Shotgun Scope Features
Most so-called “shotgun scopes” offer generous eye relief of around four inches or more. Some are also parallax-corrected for closer distances (although sabot loads make this less of an issue). Heavy-duplex reticles, if offered, are great for heavy timber or low light. But, the latest trajectory-compensating designs can stretch a fast sabot-load to equal (or surpass) some classic deer calibers, reaching 200-yards.
A few purported “best” shotgun scopes check the above boxes, but are heavy. Even in better mounts, the inertial effects of recoil may induce subtle ring creep – just enough to cause a zero shift. For this reason I like lighter scopes. Two that qualify as useful shotgun picks are sold by Leupold. Both retail for $300:
- Leupold’s Freedom 1.5-4×20 can be purchased with a Pig-Plex reticle, and it weighs a feathery 9.6 ounces.
- Leupold’s VX Freedom 3-9×40 Muzzleloader Ultimate Slam incorporates a hold-over reticle that also works with slugs. Weight is only 12.2 oz.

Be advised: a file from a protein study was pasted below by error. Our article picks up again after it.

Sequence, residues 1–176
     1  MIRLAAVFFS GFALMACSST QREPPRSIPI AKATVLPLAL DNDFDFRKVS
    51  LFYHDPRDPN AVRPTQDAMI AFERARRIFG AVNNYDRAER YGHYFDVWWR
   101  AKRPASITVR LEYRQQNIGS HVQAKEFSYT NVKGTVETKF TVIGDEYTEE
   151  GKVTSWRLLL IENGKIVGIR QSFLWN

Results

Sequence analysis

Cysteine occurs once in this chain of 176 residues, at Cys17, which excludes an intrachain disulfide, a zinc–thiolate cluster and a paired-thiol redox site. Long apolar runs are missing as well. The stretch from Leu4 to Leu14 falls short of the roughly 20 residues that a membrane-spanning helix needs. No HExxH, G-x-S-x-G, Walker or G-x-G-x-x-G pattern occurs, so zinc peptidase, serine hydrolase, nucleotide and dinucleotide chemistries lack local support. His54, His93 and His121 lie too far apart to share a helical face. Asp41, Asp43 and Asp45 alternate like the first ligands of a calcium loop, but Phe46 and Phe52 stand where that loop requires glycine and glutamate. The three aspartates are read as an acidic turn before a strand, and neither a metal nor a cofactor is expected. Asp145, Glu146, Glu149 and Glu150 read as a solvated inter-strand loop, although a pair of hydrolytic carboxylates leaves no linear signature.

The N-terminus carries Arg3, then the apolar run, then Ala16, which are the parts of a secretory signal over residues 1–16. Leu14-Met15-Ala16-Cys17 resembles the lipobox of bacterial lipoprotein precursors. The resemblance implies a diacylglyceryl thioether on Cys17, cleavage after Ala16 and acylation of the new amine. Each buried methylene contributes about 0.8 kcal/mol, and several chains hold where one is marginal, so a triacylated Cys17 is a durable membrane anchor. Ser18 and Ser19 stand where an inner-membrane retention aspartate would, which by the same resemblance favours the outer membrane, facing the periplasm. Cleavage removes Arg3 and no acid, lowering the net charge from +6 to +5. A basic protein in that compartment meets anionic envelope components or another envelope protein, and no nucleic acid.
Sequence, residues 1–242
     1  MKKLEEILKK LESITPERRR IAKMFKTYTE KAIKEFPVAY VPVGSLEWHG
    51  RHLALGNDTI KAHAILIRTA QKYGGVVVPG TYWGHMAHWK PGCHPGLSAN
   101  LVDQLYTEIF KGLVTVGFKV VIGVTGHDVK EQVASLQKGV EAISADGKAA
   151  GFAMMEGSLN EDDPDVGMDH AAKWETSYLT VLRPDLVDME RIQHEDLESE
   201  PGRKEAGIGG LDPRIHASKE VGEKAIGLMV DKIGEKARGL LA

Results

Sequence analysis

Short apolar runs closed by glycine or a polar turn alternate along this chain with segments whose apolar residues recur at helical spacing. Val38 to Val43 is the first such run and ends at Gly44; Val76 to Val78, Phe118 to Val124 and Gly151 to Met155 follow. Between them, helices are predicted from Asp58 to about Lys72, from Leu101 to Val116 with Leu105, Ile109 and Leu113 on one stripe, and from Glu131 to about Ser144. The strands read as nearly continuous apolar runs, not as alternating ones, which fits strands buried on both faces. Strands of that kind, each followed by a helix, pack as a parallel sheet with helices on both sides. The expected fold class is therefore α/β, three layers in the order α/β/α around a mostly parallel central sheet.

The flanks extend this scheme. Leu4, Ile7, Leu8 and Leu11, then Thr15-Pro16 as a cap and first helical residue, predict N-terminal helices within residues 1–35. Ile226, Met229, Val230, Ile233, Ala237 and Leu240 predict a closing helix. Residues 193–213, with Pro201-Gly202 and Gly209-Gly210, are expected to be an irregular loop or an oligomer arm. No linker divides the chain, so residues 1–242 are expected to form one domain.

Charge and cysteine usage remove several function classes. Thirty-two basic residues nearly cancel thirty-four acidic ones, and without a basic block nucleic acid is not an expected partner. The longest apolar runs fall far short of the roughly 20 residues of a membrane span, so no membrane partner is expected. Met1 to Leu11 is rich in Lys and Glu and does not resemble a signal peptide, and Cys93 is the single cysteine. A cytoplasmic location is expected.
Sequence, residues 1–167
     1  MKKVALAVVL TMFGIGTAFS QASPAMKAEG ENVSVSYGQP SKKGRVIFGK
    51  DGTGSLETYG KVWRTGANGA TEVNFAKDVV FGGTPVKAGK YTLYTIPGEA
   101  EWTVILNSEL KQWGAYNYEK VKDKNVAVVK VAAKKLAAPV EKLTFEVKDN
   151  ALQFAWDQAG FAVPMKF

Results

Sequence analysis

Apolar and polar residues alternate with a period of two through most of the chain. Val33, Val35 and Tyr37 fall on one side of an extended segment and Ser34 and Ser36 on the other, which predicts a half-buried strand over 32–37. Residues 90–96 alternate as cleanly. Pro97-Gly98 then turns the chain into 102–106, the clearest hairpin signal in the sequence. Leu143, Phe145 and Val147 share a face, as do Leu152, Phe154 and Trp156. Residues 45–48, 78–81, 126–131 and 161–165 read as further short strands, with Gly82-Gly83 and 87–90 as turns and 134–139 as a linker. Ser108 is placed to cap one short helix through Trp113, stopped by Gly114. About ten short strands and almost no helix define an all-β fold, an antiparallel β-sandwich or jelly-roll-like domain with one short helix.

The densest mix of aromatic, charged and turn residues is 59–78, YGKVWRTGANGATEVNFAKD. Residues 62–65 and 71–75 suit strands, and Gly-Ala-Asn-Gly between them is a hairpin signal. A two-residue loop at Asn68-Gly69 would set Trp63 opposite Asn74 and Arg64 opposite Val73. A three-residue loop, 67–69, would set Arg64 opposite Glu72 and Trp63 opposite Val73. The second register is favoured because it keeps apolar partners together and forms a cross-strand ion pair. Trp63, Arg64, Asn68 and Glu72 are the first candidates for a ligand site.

The above scopes have one-inch tubes which are long enough to establish optimum eye relief. Regarding mounts, strong steel rings are less likely to shear than cheaper pot-metal types. Some folks draft their bird guns for slug duty by installing stamped steel “saddle-mounts” that are secured via crossbolts through the receiver’s trigger-pin holes. They complicate maintenance limit the gun’s versatility. A receiver-mounted system solves the maintenance issue, but wingshooting is still out.
Go with a cantilever barrel and you can realize your shotgun’s true potential. Two hugely popular pump-gun choices are the Remington M-870, and Mossberg Model 500. The M-870 went out of production during the recent interruption (when Remington went broke), but millions of used guns are out there and, thanks to new management, the 870 is back.